Indeed Queen Of The Ocean captured each of the styles explored in Lana Lane's earlier ablums and integrated it with symphonic keyboard arrangements. Soaring lead vocals and the range of styles included in the tracks resulted in an album of totally awesome proportions.
EchoesFrom The Ocean is the second in the series of Lana Lane's mini-albums following a major studio album release—the 33-minute recording consists of five tracks comprising outtakes and previously unreleased material. Packaged in a tri-gatefold digipack with typical Lane-style Jacek Yerka artwork, the mini-album includes one brand new track, a remix of a Lane classic, two alternate versions of tracks from Queen Of The Ocean and a very early version of another Lane classic.
"Rhapsody," written by Mark McCrite and Erik Norlander, is entirely new. Written in the Queen Of The Oceanstyle, the track is a moving symphonic rocker with luscious keyboards, dynamic guitars, vocal harmonies and Lane's characteristic soaring lead of course. The "1999 Version" of "Escher's Staircase" adds the warmer symphonic Queen Of The Ocean texture and is certainly the best version of the Lana Lane classic to be released to date.
The "Long Echoes Version" of "Frankenstein Unbound" running 8:36 contains new instrumental solos and is extensively laced with Norlander's Emerson-style keyboard arrangements. Besides a change in bass part from the Franklin's fretless to Schiff's NS/Stick, a clearer lead vocal part is evident in the "Early Version" of the ballad "Without You."
The drum, bass and rhythm guitar tracks on the original Love Is An Illusion session tapes were damaged forcing the parts to be re-recorded by Tony Franklin, Tommy Amato and Neil Citron for the 1998 album re-issue. However, when original tracks recorded in 1993 by Danny Lorenze, Don Schiff and Neil Citron were recovered, it was decided that these would be mixed down to create the "1995 Version" of "Through The Fire," a lovely version that concludes this mini-album.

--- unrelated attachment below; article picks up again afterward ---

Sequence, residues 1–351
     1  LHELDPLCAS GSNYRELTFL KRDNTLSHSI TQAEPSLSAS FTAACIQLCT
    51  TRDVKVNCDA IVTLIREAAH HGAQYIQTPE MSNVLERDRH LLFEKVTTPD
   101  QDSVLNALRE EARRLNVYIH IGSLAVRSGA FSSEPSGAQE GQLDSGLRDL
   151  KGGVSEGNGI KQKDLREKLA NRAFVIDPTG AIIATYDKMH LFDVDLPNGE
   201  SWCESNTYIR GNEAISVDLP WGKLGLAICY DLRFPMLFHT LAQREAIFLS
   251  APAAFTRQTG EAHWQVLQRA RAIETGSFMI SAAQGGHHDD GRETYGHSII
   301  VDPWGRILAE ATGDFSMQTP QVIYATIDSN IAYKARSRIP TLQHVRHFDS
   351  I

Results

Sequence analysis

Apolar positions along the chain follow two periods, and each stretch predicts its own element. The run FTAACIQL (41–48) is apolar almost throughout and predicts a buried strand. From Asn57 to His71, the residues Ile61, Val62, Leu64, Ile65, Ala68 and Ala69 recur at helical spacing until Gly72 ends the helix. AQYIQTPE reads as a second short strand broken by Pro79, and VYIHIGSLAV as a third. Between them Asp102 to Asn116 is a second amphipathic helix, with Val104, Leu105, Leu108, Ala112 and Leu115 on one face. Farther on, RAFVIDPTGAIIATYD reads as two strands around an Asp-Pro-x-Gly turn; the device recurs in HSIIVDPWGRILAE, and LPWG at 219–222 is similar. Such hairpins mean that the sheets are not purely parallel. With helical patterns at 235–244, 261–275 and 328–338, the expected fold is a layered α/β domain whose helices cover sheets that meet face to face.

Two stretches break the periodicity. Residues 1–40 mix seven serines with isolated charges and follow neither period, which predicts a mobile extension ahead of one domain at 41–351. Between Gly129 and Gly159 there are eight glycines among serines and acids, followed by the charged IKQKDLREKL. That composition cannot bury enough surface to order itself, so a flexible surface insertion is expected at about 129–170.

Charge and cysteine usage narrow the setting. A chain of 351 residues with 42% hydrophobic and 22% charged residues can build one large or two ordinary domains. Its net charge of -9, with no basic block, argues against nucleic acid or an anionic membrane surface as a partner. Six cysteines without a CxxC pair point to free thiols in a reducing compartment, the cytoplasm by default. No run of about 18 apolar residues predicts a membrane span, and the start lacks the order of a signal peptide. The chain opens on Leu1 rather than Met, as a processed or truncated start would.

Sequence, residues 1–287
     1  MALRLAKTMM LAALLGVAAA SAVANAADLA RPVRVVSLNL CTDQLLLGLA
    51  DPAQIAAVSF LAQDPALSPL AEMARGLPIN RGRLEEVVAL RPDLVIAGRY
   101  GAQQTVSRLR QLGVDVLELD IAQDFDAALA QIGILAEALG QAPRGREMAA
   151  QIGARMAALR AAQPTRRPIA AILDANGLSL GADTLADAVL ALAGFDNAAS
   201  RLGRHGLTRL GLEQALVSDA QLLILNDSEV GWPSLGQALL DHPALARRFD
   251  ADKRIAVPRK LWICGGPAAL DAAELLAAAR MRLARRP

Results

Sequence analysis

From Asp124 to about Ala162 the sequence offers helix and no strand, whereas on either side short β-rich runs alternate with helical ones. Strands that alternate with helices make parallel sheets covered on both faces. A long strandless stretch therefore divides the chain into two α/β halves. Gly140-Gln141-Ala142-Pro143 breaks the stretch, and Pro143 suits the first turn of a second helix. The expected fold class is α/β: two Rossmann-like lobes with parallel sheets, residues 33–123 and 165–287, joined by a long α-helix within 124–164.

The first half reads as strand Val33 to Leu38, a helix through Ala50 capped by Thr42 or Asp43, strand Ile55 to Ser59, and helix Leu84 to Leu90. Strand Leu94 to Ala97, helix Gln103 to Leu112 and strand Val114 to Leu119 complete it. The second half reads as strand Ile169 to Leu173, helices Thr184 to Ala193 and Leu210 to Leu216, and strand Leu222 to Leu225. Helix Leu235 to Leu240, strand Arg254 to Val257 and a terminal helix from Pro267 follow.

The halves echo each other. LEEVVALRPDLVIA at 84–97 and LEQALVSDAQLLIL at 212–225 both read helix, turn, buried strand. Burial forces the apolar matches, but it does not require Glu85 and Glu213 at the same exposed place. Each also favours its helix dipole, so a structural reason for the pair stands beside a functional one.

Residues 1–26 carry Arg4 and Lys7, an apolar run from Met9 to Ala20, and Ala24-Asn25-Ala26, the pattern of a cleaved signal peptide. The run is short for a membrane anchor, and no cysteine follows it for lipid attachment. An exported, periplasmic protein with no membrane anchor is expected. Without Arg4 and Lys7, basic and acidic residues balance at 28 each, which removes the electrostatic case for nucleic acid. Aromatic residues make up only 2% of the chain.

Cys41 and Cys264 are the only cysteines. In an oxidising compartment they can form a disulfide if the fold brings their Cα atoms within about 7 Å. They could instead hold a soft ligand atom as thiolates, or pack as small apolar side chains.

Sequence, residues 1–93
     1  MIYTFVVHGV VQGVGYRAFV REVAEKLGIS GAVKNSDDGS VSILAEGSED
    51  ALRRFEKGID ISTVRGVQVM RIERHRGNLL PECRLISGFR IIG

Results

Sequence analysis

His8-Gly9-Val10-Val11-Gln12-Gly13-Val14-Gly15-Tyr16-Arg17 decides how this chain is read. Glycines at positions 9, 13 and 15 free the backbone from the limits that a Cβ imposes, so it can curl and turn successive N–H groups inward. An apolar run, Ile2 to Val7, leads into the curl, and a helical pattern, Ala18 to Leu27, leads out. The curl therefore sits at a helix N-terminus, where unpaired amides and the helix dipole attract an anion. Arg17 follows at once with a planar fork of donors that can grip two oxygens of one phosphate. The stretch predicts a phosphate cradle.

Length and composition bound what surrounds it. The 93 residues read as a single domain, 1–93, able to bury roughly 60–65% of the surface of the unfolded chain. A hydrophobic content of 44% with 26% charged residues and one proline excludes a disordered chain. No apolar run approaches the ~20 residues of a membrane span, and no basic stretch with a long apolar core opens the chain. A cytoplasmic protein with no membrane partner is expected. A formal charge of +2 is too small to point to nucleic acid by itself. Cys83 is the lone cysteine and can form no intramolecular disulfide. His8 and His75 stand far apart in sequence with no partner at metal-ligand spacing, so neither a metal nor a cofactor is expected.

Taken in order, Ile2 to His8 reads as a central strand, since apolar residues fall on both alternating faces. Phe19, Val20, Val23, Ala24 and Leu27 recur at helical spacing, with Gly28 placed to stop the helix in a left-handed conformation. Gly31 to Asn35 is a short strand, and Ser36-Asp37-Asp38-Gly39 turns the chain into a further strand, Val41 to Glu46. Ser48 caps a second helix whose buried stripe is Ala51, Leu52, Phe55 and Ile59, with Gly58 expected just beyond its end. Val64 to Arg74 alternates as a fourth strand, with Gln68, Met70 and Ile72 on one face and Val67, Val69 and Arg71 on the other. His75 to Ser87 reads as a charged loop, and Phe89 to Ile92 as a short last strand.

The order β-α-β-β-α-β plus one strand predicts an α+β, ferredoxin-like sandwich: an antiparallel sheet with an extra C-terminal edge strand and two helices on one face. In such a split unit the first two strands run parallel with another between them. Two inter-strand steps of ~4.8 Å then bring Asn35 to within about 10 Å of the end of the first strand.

Lana Lana toured Japan again in April 1999. The next month she and Rocket Scientists played together at the International Progressive Music Festival (ProgFest) in San Francisco. In the highly successful and critically acclaimed performance, Rocket Scientists played a set of its own and then accompanied Lana through a set of her material.
Rocket Scientists released their third studio album Oblivion Days in August 1999. The album's eleven progressive tracks have a harder edge than the band's former releases perhaps as a result of their collaboration with Argen Anthony Lucassen (heavy rhythm guitar) (Ayreon). Other guests include Greg Ellis (drums) as well as Lana Lane band members Neil Citron (guitar) and Tony Franklin (fretless bass). Lana Lane provides harmony vocals on the tracks "Aqua Vitae," "Oblivion Days" and "Escape." Rocket Scientists' "Dark Water" series of tracks continue with "Part Three" and "Part Four" appearing on this album.